I'm on board with 4ster's appraisal. I rather like the thick, heavy wet spring snow these days. Used to despise such conditions - but that was before I figured out how use it to my advantage.
I think along Weems' idea of 'Platforming' and concentrate on forming a banked-platform using the base of both skis while turning them together.
My method in soft, wet and sticky snow...
1) I begin turns progressively (Never
sharply!) in soft snow. I keep my upper-body moving with my skis across the slope
until the base of each tip is being deflected into the turn enough to warrant moving my CM further inside the new turn. I never dive across my skis ahead of the actual turning of my skis. Instead, I simply stand on them while coaxing them
to turn me
downhill. I go only when they go.
2) Steering the skis with independent leg steering (ILS) still works in these conditions, it just works much more slowly. I don't try to force or rush it because there's no point. Instead, I keep a constant mild
twisting tension into the turn at both skis while I stay F/A balanced over them and guide them into the new turn. Letting my CM get behind my feet even a little will cause the skis to track rather straight instead of turning so I make sure they don't sneak ahead of me in the least.
3) If I want a short radius turn I do
need high edge-angles at some point - but I don't try to get those high angles right away! A progressive tipping process works best for me even if I need high edge-angles. Trying to tip to much up too soon in soft wet snow doesn't have the same quick-initiation effect as it does on a groomed surface. I wait until the turn is well-begun before going after that sharper radius with higher edge-angles (think Sine Wave curves).
On firm surfaces the edges at the tips firmly engage and forcibly bend the skis quickly. In soft gooey conditions there's nothing for that tip's edge to engage against so the ski doesn't bend nearly as quickly. Instead, the base under the tip must travel some distance for sufficient pressure to build up under that tip to bend the ski. This can be sped up by 'pouncing' on the skis right at turn entry, but that takes more energy (and I'm pretty lazy). Skiers who typically transition quickly from high edge-angles on one side to high edge-angles on the other tend to have more difficulty in all kinds of soft snow than those who implement progressive edge-angle changes.
4) As each turn begins I continue moving with my skis making no effort to hurry the turn. It's more like nurturing
a turn than forcing a turn. I keep my feet within a few inches of each other and try to stay balanced between
my feet rather than being outside-foot dominant. Puting too much weight onto one foot cause that ski to dive suddenly deeper, slow down sharply and produces a skier-pirouette with subsequent body-divot. Best to keep both skis puttering along at the same depth.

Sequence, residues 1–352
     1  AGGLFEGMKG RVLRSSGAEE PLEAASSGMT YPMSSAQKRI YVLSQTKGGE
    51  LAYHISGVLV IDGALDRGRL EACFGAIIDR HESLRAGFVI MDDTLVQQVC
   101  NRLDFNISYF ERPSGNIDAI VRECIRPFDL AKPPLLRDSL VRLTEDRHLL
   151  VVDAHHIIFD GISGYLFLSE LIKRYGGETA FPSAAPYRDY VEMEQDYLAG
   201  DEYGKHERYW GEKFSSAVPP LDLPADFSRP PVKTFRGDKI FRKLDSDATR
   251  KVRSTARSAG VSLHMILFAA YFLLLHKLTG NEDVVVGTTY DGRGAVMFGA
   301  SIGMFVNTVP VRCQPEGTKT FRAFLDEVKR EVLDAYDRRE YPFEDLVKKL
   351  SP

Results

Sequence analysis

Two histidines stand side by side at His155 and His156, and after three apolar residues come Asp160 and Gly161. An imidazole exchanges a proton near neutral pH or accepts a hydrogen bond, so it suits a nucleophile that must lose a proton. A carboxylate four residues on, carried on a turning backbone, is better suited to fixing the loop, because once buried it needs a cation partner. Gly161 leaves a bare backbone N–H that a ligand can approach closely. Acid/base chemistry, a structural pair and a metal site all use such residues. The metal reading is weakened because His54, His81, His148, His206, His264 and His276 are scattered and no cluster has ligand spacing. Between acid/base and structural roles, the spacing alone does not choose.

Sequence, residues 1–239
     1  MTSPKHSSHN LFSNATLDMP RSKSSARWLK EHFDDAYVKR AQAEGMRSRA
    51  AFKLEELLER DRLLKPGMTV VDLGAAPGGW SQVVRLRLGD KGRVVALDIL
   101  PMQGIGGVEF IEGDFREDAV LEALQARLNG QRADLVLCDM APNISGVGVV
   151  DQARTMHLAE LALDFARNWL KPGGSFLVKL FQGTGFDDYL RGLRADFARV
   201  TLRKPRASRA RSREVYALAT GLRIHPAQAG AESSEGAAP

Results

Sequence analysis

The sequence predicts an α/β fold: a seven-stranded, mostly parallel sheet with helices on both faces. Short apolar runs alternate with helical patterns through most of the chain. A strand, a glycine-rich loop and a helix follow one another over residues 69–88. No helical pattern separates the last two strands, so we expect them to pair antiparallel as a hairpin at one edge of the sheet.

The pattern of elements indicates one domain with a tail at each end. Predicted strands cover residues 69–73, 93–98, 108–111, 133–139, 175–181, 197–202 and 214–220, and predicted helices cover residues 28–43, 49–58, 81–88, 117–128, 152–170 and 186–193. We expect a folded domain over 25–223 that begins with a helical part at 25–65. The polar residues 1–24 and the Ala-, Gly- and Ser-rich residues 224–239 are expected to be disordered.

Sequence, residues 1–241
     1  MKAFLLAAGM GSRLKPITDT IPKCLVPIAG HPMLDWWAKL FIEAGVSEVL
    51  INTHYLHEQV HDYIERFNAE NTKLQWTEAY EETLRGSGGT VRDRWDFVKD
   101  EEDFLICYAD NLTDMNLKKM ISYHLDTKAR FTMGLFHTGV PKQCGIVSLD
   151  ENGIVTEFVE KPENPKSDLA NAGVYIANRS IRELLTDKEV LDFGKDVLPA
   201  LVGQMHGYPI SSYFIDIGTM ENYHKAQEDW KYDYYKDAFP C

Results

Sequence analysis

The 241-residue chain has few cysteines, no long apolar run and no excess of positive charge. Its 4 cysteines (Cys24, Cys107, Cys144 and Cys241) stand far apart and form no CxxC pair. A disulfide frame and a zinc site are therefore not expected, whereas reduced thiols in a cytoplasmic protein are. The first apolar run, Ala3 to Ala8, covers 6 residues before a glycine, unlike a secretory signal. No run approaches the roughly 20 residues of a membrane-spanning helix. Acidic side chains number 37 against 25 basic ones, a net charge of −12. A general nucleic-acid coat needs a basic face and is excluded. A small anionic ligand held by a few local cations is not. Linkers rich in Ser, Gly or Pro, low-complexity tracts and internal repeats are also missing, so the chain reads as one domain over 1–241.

5) I also like to maintain a meaningful tip-lead as this helps my boots and lower-legs cut more easily through the high resistance snow. A squarish stance tends to cause wet snow to accumulate in a bow-wave in front of my boots and slows me down greatly. It also pins my feet down and limits my ability to launch up & over suddenly-there obstacles. Tip-lead helps cut through it and limit the bow-wave.
6) For speed control I finish my turns further across-the-slope - but I make sure I keep sufficient speed to slide all the way through transition and back into a zone of acceleration (which may be quite close to the actual fall-line in such snow). In other words, I don't
kill my speed at the end of a turn, and instead use my continuing across-the-slope velocity to accomplish point # 1 above. My new turn entry will be progressive and will take a bit of distance to accomplish so I need that velocity to to keep the cycle going. If I kill my speed too much, I'll need to make a big move into the new turn (toward the fall-line) to get going again and that will require forcing a turn far more quickly than this snow condition likes to permit.
7) Finally, I try to keep both skis fully 'weighted' all the time - especially during transition (None of that energetic hopping stuff for me!). As I come out of my old turn my skis are nicely bent. Why on earth would I want to lose that highly functional bend by now unweighting them? Why not just keep the existing ski-bend from my old turn and roll it over - thus using it as the initial
ski-bend for my new turn (making effort #1above easier)? On firm snow this isn't possible because the skis will flatten out against the flat, firm surface underfoot. In deep soft snow I can maintain the bend right through transition by keeping my weight on them because there's no "flat surface" under me for the skis to flatten out against.
That's pretty much the basics of what I do.
If I'm in sticky snow and on the flats I do what Davluri suggests. Since I want the skis to 'Hydroplane' I lean against the back of my boots and bend the fronts of the skis up off the snow. For reduced resistance I may also lift one ski while leaning back a bit. Finding the "right" amount of surface contact for least resistance seems dependent on actual snow conditions precisely where I am. Travel another 50 feet and I may need to modify how much ski is making contact. The goal is to find just the right amount - at which point I'll feel a sudden 'release' and zip forward. Pretty hard to ski this way for long though. It's just good for getting across flats and back to steeper slopes.